Being part of an effective and empowering team makes every achievement in the sport more meaningful and enjoyable.


About Training
Training should teach technical, cognitive, and perceptual skills at every age. Perception and decision-making must be connected to technical application in order for players to truly understand the game and maximize their potential and long-term achievement.

Training should be both fun and impactful to learning and growth. While the manner in which this is done will vary by age, player maturity, and aspiration, the core requirement of fun + learning must be present at every age.

Training should challenge players to make and execute decisions in a dynamic and rapidly changing environment with physical, spatial and cognitive pressure. Over time, this training environment creates sophisticated decision-making capable of handling the escalating demands of the game.

Training should stretch players outside their comfort zone - mentally, physically, emotionally, and technically.  The ability to “be comfortable being uncomfortable” is a required and teachable skill necessary for players to maximize their potential.

Training should reflect the constraints and pressures of competition and should “look” like the game. Overly orchestrated or prescription training does not allow knowledge transfer from the training field to the competition field.


About Coaches and Coaching
Good character is the most important quality of an effective coach.  It is displayed by actions and behaviors in service of the needs and goals of the players, and that are worthy of emulation by the players. No amount of expertise or knowledge will overcome the negative impact of poor character.

Coaches and players must cultivate and build trust with each other. Players must trust that the coach has their best interest in mind and will provide what is needed for them to grow and improve. Coaches must trust that the players will listen and apply the tools and information they are given. Without trust, coaches cannot provide honest feedback, and players will not stretch themselves to be uncomfortable, risk failure, and do what is necessary to improve.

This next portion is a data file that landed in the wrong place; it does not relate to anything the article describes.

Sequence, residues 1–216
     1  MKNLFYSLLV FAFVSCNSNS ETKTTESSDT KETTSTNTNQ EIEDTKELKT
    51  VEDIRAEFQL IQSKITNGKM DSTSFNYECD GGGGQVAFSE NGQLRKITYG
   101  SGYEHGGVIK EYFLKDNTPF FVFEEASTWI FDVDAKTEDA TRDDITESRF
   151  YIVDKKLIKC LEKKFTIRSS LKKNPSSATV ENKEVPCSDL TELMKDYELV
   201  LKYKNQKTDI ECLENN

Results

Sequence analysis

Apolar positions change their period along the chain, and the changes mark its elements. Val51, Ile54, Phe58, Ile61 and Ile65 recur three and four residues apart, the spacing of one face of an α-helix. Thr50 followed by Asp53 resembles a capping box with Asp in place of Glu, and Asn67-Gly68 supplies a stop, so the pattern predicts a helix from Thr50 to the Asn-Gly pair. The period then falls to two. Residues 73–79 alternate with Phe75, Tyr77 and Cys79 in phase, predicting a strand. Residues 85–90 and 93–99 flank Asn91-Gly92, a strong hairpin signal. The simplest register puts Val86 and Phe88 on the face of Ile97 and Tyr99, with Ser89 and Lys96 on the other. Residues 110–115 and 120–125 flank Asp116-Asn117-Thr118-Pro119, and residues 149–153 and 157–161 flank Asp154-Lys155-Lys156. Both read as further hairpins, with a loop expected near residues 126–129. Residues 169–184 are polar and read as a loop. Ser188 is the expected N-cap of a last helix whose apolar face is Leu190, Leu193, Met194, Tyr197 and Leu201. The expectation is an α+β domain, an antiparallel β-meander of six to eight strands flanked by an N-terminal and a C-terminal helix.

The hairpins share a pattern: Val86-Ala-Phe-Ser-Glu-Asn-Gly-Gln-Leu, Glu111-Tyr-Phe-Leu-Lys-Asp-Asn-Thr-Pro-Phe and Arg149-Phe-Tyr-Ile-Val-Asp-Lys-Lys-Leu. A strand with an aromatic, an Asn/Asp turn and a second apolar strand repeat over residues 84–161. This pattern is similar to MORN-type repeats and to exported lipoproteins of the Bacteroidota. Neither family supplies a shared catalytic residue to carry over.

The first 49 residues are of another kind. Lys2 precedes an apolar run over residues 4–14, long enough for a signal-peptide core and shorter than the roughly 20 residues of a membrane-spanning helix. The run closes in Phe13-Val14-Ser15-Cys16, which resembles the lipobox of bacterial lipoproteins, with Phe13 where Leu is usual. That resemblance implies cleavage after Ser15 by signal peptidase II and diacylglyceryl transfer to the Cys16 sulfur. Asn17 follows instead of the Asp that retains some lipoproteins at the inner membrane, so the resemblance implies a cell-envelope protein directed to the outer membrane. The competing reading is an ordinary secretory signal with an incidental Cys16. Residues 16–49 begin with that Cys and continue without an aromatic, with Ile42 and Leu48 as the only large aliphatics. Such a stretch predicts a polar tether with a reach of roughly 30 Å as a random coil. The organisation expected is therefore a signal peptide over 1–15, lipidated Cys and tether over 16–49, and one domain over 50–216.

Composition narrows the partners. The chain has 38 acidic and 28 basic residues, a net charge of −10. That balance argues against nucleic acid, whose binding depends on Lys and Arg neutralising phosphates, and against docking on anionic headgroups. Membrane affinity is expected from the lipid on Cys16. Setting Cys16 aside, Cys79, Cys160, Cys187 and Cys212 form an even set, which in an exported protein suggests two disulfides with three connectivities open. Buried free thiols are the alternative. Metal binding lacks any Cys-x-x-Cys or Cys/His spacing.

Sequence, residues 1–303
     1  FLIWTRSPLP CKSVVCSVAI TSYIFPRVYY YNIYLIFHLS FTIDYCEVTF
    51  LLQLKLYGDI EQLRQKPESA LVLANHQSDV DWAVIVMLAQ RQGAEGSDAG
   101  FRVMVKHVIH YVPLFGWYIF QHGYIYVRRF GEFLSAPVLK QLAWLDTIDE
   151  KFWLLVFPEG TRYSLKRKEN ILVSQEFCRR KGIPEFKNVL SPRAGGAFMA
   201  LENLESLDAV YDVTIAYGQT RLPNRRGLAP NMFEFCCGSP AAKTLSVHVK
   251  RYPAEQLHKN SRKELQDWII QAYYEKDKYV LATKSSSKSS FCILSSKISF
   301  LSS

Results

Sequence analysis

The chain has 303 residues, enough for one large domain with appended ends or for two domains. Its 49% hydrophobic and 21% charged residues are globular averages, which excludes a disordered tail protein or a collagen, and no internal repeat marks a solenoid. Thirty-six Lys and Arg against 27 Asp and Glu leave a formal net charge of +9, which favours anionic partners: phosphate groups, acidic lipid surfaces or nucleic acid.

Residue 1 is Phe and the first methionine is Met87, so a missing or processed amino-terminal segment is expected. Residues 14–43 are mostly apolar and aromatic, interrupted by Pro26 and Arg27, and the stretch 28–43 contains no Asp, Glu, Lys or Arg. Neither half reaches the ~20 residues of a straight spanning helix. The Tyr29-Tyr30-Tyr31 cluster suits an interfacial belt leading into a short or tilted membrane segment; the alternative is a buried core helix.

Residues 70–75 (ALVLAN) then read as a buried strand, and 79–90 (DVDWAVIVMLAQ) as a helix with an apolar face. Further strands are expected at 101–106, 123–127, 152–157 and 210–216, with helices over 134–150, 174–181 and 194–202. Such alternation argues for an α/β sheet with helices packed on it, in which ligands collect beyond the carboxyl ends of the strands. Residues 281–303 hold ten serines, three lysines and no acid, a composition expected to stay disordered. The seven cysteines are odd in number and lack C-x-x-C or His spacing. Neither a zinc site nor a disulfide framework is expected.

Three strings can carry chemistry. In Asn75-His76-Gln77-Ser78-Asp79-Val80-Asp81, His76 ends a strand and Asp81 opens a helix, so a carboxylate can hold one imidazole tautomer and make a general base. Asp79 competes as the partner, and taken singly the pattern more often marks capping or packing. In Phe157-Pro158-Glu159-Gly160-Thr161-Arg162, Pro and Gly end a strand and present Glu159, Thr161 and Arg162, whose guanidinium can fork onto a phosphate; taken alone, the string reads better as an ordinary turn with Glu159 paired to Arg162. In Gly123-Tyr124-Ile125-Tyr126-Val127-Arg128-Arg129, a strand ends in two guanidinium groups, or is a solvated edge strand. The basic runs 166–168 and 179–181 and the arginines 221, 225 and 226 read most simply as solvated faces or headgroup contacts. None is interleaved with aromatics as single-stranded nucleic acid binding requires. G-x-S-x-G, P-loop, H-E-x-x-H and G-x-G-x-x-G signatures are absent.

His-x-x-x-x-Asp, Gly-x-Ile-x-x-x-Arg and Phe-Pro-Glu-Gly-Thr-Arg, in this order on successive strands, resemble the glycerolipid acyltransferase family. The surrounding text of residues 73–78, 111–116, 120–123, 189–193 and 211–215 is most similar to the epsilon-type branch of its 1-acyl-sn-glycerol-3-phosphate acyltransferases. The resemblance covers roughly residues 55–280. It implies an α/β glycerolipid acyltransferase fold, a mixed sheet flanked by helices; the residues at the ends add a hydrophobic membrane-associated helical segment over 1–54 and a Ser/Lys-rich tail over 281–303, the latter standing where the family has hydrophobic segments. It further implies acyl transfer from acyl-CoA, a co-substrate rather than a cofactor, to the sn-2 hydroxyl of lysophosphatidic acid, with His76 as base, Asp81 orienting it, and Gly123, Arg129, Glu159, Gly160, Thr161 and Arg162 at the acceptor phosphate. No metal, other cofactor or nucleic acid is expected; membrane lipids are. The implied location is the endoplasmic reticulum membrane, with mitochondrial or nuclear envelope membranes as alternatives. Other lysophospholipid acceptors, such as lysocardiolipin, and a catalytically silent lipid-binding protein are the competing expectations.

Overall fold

Coaches must provide clear and honest feedback to players at all times in order to help them understand their current stage of development and to provide a roadmap for future growth. Players can not learn and improve if they are not provided with regular, accurate, timely, and specific feedback.

Coaches have an obligation of ongoing learning and personal development in order to continually improve in not only the techniques, tactics, and methodologies of the sport, but also in their own humanity. Top coaches stimulate curiosity and the desire to grow in players on and off the field, often by modeling these behaviors in their own approach to developing as a coach. 


About Competition
Competing to win, individually and collectively, should be encouraged in every age group and in every training and game.  The desire to win is a skill that can be developed, and competition between teams is critical to development at all ages.

The value of winning on the scoreboard varies greatly by age. At the youngest ages, winning and losing are often decided by factors unrelated to, and independent of, learning and long-term development. Prioritizing certain player characteristics, playing styles, or decision constructs at young ages to increase the chances of winning will simultaneously impede the development that leads to successful players at older ages.

At any moment, winning is rarely an accurate assessment of the amount, quality or speed of learning in a youth environment due to the significant impact of other variables in youth soccer (demographics, player pool, longevity in the club, etc.).

Over time, in a good learning environment, winning will become more frequent as the natural consequences of investing in the long-term development of players.

At senior levels winning becomes a more clear metric of how performance and ability levels of players and teams compare.


About the Player-Parent-Coach Relationship
Parents are a vital part of the player development process, and the quality of the player-parent-coach relationship has a significant impact on the development and performance of the player.  Breakdowns in the player-parent or coach-parent relationship negatively impact the learning and performance of the player, and ultimately reduce the player’s satisfaction and enjoyment.

When parents and coaches are aligned in messaging and communication, the player has a far greater opportunity to learn and develop. When players receive conflicting messages and communication from parents and coaches, the player is put in a difficult position of cognitive dissonance that impedes their development.

The most positively impactful parents celebrate the efforts of their child, support the coach and the learning process, and refrain from criticism of the coach, team, club, or other players in front of their child or other parents.

Meetings and discussions between coaches and parents without the presence of the player rarely result in positive change or improvement because they miss the critical perspective, buy-in, and commitment of the player.

Support from parents and ongoing collaboration between coaches, players and parents provides the most enjoyable and successful environment for the development of young players.

San Francisco Elite is a 501c3 nonprofit public benefit corporation #35-2523738